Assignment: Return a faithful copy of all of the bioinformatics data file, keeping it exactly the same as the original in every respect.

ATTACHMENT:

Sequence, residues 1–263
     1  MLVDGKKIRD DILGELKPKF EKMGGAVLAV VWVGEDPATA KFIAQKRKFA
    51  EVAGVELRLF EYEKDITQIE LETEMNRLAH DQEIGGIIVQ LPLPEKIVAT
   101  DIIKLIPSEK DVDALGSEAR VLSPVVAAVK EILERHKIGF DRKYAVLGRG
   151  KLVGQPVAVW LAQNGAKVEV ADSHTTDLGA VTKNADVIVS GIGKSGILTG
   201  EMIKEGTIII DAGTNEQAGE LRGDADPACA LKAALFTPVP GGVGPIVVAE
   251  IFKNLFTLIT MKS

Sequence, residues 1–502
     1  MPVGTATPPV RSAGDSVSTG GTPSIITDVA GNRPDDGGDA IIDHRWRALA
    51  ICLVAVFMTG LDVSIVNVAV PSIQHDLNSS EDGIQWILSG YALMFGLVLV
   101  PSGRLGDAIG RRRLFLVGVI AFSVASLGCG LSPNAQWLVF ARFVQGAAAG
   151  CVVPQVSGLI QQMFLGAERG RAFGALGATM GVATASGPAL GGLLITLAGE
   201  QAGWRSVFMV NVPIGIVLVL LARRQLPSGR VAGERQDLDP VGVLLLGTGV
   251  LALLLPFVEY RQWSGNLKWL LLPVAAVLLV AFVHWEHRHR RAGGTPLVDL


Sequence, residues 1–263
     1  MLVDGKKIRD DILGELKPKF EKMGGAVLAV VWVGEDPATA KFIAQKRKFA
    51  EVAGVELRLF EYEKDITQIE LETEMNRLAH DQEIGGIIVQ LPLPEKIVAT
   101  DIIKLIPSEK DVDALGSEAR VLSPVVAAVK EILERHKIGF DRKYAVLGRG
   151  KLVGQPVAVW LAQNGAKVEV ADSHTTDLGA VTKNADVIVS GIGKSGILTG
   201  EMIKEGTIII DAGTNEQAGE LRGDADPACA LKAALFTPVP GGVGPIVVAE
   251  IFKNLFTLIT MKS

Sequence, residues 1–502
     1  MPVGTATPPV RSAGDSVSTG GTPSIITDVA GNRPDDGGDA IIDHRWRALA
    51  ICLVAVFMTG LDVSIVNVAV PSIQHDLNSS EDGIQWILSG YALMFGLVLV
   101  PSGRLGDAIG RRRLFLVGVI AFSVASLGCG LSPNAQWLVF ARFVQGAAAG
   151  CVVPQVSGLI QQMFLGAERG RAFGALGATM GVATASGPAL GGLLITLAGE
   201  QAGWRSVFMV NVPIGIVLVL LARRQLPSGR VAGERQDLDP VGVLLLGTGV
   251  LALLLPFVEY RQWSGNLKWL LLPVAAVLLV AFVHWEHRHR RAGGTPLVDL